California will fully reopen its economy June 15 as long as Covid-19 vaccinations remain widely available and hospitalization continues to be stable, the governor and public health officials said Tuesday.
Gov. Gavin Newsom said that with 20 million doses administered and a total of 30 million expected by the end of the month, it’s time to start planning for a post-pandemic normal. Roughly 18.5 percent of Californians are partially vaccinated and 23.3 percent are fully vaccinated, as of Tuesday.
“With the expectation of an abundance of doses coming in from the federal government through the end of this month and into May, we can confidently say by June 15 that we can start to open up as business as usual — subject to ongoing mask-wearing and ongoing vigilance,” Newsom said Tuesday during a press conference in San Francisco.
Business and industry representatives cheered Tuesday’s announcement, which will allow restaurants, bars and gyms to open at full capacity after more than a year of restrictions.
“Today’s announcement by Governor Newsom is a welcome step forward and provides certainty to businesses to rehire employees,” Rob Lapsley, president of the California Business Roundtable, said in a statement. “The business community will continue to aggressively work to stop the spread and encourage vaccinations, which are necessary steps to reopen the economy and protect our communities.”
But some health experts and local officials expressed concerns given the proliferation of new coronavirus variants and the increased spread of the disease in other parts of the country and the world. Santa Clara County Executive Jeff Smith, who is also a physician, said he believes the governor’s plan is driven by the potential of a recall election this year, and stressed that large events and indoor gatherings remain risky.
“The only reason to open up as fast as possible is because of an election,” said Smith, who has been critical of the governor’s changing criteria to accelerate reopenings. “I wish the governor’s priority was to control the pandemic rather than to control the election.”
The lifting of restrictions in June will happen statewide rather than county by county. The eight-week march towards reopening gives businesses and individuals who want to get vaccinated time to get the vaccine, Health and Human Services Secretary Mark Ghaly said at a Tuesday briefing.
California on April 15 opens vaccinations to everyone over the age of 16.
If the hospitalization and vaccination measure are met, everyday activities will be allowed and businesses can open with common-sense risk reduction measures, he said. The state will monitor hospitalization rates, vaccine access and vaccine efficacy against variants, with the option to revisit the June 15 date if needed.
“We are really signaling that the blueprint, as it’s devised now, will no longer be in effect after June 15,” Ghaly said.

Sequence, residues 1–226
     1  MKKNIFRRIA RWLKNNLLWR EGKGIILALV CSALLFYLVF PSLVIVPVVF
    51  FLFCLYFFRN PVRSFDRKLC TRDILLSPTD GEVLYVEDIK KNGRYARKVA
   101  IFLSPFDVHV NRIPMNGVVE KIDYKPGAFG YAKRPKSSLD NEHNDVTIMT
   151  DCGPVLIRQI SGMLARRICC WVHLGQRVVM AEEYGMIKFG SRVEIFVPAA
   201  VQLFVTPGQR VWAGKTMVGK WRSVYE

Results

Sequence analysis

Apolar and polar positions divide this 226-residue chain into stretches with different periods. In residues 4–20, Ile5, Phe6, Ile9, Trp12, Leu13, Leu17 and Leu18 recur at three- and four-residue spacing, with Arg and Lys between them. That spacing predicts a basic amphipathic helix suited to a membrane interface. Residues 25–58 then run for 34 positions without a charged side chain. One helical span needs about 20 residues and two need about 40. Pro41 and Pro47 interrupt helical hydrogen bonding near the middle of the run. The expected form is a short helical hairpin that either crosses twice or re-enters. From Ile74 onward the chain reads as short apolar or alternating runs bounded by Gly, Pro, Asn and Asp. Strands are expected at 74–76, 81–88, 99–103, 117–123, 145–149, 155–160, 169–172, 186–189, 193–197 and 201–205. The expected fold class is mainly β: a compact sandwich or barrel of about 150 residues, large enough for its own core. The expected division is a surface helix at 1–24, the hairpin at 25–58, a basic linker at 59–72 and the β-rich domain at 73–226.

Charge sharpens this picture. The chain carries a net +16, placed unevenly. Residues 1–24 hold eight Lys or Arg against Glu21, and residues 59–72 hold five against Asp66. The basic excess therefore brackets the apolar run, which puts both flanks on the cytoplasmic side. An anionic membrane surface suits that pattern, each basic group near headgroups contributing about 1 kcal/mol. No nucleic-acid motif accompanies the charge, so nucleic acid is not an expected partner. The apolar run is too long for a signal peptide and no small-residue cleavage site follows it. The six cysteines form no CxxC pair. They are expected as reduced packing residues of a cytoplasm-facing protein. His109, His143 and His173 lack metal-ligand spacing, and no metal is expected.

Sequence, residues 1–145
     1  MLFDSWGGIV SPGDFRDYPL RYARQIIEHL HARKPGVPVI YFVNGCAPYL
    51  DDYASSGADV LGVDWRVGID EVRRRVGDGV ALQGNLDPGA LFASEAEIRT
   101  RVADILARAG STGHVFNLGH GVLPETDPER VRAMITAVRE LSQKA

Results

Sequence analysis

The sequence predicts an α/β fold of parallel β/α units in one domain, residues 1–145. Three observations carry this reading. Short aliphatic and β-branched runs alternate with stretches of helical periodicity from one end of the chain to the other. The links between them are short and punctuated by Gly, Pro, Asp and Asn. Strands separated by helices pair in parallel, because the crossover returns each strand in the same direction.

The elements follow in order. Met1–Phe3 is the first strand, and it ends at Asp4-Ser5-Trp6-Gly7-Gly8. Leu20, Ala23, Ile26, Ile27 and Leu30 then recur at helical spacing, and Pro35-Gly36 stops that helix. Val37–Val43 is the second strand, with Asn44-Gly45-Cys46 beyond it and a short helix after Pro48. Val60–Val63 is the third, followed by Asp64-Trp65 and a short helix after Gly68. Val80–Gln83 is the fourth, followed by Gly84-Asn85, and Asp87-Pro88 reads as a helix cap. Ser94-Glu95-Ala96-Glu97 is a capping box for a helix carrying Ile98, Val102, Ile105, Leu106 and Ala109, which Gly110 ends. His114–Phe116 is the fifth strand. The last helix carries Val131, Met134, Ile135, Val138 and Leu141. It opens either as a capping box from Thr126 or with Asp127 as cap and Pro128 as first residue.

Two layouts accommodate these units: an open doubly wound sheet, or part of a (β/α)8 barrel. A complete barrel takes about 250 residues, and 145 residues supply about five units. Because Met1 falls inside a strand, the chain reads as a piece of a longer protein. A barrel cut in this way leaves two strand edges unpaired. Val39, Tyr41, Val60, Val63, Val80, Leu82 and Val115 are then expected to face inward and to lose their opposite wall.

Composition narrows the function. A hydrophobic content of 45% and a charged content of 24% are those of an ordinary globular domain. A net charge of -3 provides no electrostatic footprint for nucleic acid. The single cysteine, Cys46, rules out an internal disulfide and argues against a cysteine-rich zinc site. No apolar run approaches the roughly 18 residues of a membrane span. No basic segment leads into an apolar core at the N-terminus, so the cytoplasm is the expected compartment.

The state’s mask mandate will continue to stay in place. No date for lifting that order has been announced.
Events at stadiums and other large venues will be permitted, Ghaly said, but conventions will be capped at 5,000 people until Oct. 1 as long as verification of vaccination can be provided. Ghaly said the state is working on that guidance with convention operators as well as operators of large multiday events with both indoor and outdoor activities. Those events, such as music festivals, aren’t yet allowed to resume.
“We are encouraged that it appears conventions and trade shows will be back open for business in California beginning June 15,” Barb Newton, president and CEO of the California Travel Association, said in a statement. “We look forward to learning more details from the administration and collaborating with them on a smooth and safe transition to re-open this critical sector of the state’s economy.”
The state in late August unveiled the current reopening blueprint, a four-tiered framework that was designed to allow the state to slow the pace of reopening as the state recovered from a summer surge. But California experienced a much larger surge in the winter months that created stress on the health care system and frustration among business owners.
California has steadily recovered since earlier this year, and is now reporting among the lowest positivity rates in the country.
The state on Friday updated its reopening guidance to allow indoor sporting events and concerts to reopen with health precautions in place beginning April 15.
On Tuesday, California hit its target of administering 4 million Covid-19 vaccine doses in the state’s most most socioeconomically disadvantaged areas. That allows more counties to reopen businesses and expand capacity in public spaces under a new strategy to increase vaccine administration in the state’s hardest hit communities.
Under the state’s soon-to-be-retired reopening blueprint, 15 counties on Tuesday moved out of the second-most restrictive, or red, tier, while one county — San Joaquin in the Central Valley — advanced out of the most restrictive tier. The counties progressing from red to orange included Contra Costa, El Dorado, Humboldt, Imperial, Mendocino, Monterey, Napa, Riverside, San Benito, San Bernardino, San Diego, Siskiyou, Sonoma, Tulare and Ventura.